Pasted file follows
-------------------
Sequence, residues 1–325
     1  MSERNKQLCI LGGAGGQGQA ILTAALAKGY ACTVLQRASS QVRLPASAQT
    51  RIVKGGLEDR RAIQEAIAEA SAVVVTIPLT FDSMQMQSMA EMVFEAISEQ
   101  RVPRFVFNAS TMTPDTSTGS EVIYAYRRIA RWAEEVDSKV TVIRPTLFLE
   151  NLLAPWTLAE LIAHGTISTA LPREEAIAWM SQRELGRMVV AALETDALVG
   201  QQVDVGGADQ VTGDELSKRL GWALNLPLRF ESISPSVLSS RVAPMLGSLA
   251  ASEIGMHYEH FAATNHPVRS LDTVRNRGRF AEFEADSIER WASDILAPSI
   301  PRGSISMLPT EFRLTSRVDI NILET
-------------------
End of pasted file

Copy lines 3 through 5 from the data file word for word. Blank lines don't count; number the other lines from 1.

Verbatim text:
    51  RIVKGGLEDR RAIQEAIAEA SAVVVTIPLT FDSMQMQSMA EMVFEAISEQ
   101  RVPRFVFNAS TMTPDTSTGS EVIYAYRRIA RWAEEVDSKV TVIRPTLFLE
   151  NLLAPWTLAE LIAHGTISTA LPREEAIAWM SQRELGRMVV AALETDALVG